Bowhead Subsistence Whaling in Alaska

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A Community Perspective

This post was written by the community observer currently aboard the Sikuliaq. Community observers log wildlife sightings and spend much of their time observing from the bridge. They act as liaisons between researchers and the Alaskan communities nearby. 


The Bowhead whale has been sought after for many years.  After death, the Bowhead floats on the surface of the water. This made the whale an easy target for commercial harvesting and led to depleted populations throughout the late 1800s and early 1900s. Efforts to conserve the Bowhead began in 1931. Now the Bowhead population is upwards of 16,000 strong.

The Bowhead is the only baleen whale to spend its entire life in the Arctic. Bowheads are also known for their incredible lifespan. In 2007, a Bowhead caught off the coast of Alaska was found to have an explosive harpoon device made in New Bedford, MA in the late 1800s in its blubber. This means that the whale was over 200 years of age at an estimated 211 years old. Scientists think their long lifespan may be due to metabolic features from living in a cold environment. The adult Bowhead can reach up to 18 meters in length and can tip the scales weighing up to 100 tons!

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The Bowhead Whale is also known as the Greenland Right Whale, Arctic Whale, Arctic Right Whale, or Great Polar Whale. It is the state marine mammal of Alaska.      Source: Discovering Whales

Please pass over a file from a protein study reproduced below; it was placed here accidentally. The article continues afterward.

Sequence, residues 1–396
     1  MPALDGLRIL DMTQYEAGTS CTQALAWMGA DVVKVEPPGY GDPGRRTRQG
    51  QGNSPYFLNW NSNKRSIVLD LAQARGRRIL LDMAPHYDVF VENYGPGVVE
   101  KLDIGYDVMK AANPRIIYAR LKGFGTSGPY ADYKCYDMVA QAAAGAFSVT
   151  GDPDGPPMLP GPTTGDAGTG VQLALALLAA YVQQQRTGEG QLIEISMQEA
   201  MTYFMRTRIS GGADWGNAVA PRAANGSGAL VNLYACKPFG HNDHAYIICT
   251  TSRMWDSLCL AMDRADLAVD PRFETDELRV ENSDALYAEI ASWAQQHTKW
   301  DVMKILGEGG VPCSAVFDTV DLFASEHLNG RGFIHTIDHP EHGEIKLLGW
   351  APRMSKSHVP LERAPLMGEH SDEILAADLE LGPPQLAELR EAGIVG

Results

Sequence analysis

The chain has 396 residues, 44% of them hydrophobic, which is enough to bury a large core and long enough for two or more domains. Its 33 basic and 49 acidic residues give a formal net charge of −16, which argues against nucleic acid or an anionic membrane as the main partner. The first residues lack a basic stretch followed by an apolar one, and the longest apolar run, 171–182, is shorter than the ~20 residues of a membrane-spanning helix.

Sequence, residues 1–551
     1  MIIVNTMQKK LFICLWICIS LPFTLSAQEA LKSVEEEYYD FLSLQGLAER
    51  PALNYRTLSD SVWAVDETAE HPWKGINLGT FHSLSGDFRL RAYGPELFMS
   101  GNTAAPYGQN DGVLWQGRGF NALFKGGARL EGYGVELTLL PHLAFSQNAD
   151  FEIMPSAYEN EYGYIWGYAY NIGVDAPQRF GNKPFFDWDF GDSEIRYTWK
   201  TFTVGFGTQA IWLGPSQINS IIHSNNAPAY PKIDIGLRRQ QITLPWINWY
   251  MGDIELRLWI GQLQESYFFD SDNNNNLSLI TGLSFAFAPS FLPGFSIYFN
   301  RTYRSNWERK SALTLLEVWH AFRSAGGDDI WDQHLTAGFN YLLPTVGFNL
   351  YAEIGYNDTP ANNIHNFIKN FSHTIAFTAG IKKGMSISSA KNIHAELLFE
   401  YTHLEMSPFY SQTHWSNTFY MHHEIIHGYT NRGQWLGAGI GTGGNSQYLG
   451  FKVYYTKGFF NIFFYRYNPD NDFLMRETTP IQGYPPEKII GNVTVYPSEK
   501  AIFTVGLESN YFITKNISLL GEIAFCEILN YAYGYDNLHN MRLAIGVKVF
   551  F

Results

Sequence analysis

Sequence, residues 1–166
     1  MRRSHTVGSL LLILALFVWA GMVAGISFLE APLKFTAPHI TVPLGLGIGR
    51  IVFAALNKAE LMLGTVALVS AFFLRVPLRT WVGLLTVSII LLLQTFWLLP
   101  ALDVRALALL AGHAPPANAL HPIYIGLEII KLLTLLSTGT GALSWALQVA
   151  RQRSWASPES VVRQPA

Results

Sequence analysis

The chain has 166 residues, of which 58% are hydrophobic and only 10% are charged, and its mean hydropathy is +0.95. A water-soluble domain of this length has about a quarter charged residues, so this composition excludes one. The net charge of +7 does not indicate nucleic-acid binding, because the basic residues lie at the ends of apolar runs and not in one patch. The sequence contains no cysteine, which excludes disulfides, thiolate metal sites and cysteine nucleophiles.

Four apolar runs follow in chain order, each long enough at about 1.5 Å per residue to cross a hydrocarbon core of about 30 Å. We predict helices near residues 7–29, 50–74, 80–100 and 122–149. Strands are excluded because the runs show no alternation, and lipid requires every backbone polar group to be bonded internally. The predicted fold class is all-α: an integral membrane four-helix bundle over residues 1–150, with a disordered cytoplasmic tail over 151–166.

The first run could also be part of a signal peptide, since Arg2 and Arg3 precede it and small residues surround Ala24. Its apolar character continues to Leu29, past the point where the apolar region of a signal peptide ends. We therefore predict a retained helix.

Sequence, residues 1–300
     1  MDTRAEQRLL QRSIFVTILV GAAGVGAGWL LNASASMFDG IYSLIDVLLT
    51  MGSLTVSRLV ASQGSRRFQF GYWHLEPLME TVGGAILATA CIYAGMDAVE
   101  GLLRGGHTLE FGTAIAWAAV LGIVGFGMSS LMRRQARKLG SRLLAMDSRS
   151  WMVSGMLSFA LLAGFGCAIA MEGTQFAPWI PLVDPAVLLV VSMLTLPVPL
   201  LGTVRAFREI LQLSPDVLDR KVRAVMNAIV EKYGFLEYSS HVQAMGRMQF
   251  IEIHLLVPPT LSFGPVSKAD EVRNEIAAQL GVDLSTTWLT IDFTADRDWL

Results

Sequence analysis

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Upper left: Gray whale, Center left: bowhead whale, Upper right: humpback whale,      Bottom: blue whale. Source: State Symbols USA

Alaska has 11 communities that hunt whales for subsistence. Each year a quota is designated for each community. Once the quota is met, the whaling ceases for that season. Once caught, the whale is shared amongst the whaling crews and then dispersed through the community. Whaling occurs during both the Spring and Fall and is often celebrated throughout the community once the seasonal hunts are complete.

During this cruise we have been privy to several Bowhead whale sightings. Of significance is the prevalence of Bowhead whales offshore of Utqiagvik (previously known as Barrow, and translates to “the place to hunt the snowy owl”). We also have one reported sighting of a grey whale and several sightings of walrus, the majority of which we have seen along the Hannah Shoal line. In total, we’ve documented at least 14 sightings of bowhead whales and 11 sightings of walruses.  

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A sighting of walruses in September 2016

It is interesting to note that this year it has been reported that the walruses have already begun to haul out offshore of Northwest Alaska. They have been spotted offshore a few miles from the coastal village of Point Lay. The US Fish and Wildlife service has recorded this year as the earliest haul out on record. Walruses “haul out” or come ashore annually about two weeks from when the sea ice retreats. This year the sea ice has retreated earlier than last year, when haul out was observed near Point Lay in early October. 

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Arctic sea ice extent from July, 2017. Credit: National Snow and Ice Data Center (NSIDC)

Walrus are known for their size and tusks. Males tend to have longer and heavier tusks whereas females have significantly smaller and shorter tusks. It’s neat to note that aside from congregating on land and breeding, one will typically not see a male and female walrus swimming together; in other words, there are no intermingling of the sexes. Walrus can weigh up to 1900 kgs and reach up to 3.6 meters in length. Walrus live upwards of 30 to 40 years. It is estimated that the population of walruses is around 220,000 and most are found in the extreme Pacific region right where we have been cruising! 

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